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Principles of justice in health care rationing

By Richard Cookson and Paul Dolan

Abstract

This paper compares and contrasts three different substantive (as opposed to procedural) principles of justice for making health care priority-setting or “rationing” decisions: need principles, maximising principles and egalitarian principles. The principles are compared by tracing out their implications for a hypothetical rationing decision involving four identified patients. This decision has been the subject of an empirical study of public opinion based on small-group discussions, which found that the public seem to support a pluralistic combination of all three kinds of rationing principle. In conclusion, it is suggested that there is room for further work by philosophers and others on the development of a coherent and pluralistic theory of health care rationing which accords with public opinions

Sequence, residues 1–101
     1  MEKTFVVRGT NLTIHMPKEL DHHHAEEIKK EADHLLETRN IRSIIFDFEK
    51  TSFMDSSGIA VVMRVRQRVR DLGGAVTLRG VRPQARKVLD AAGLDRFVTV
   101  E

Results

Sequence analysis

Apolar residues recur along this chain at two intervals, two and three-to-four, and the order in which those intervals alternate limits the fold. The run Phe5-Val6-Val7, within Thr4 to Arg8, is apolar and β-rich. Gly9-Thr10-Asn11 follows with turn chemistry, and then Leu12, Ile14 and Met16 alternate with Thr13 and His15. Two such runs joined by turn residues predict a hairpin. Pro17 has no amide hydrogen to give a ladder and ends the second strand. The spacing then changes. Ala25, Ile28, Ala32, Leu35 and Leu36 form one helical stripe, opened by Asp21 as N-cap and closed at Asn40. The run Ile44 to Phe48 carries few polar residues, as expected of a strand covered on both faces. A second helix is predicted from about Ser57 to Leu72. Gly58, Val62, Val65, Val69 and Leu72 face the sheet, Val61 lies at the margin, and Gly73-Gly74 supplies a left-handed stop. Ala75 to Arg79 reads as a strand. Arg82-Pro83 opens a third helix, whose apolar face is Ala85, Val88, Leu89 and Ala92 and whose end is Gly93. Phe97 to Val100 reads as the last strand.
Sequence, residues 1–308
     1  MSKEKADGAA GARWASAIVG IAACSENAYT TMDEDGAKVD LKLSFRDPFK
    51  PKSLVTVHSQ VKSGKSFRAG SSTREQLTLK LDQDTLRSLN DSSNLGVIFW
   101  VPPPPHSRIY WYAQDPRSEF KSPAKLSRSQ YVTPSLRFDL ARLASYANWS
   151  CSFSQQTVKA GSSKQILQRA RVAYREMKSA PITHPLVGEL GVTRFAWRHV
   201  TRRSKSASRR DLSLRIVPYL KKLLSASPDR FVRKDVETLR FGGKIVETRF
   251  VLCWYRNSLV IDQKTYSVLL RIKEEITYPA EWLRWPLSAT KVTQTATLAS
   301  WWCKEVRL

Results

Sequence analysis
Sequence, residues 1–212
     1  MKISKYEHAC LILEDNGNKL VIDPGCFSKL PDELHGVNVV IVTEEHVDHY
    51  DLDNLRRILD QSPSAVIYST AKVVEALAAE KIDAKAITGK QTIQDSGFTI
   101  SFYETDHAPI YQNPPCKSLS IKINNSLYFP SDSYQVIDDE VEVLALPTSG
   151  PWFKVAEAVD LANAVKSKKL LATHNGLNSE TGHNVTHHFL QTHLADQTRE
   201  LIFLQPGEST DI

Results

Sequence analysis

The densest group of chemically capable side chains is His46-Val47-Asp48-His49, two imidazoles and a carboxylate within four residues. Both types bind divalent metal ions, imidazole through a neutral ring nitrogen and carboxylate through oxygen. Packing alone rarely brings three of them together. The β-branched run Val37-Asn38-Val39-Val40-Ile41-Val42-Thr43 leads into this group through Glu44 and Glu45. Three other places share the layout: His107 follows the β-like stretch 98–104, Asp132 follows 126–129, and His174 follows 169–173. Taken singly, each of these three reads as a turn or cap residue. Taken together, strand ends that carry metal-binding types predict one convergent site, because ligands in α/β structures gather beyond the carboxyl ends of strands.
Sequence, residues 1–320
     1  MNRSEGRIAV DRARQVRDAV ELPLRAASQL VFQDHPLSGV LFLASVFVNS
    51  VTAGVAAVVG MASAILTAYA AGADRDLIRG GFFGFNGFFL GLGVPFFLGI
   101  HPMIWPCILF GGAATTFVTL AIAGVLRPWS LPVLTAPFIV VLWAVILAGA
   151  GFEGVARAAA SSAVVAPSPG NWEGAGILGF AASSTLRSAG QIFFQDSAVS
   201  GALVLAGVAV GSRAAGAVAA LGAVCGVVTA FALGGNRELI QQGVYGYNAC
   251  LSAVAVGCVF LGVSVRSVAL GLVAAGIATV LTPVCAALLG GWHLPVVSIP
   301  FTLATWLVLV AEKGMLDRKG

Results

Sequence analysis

Topics: RA Public aspects of medicine
Publisher: BMJ Publishing Group
Year: 2000
DOI identifier: 10.1136/jme.26.5.323
OAI identifier: oai:eprints.lse.ac.uk:33027
Provided by: LSE Research Online
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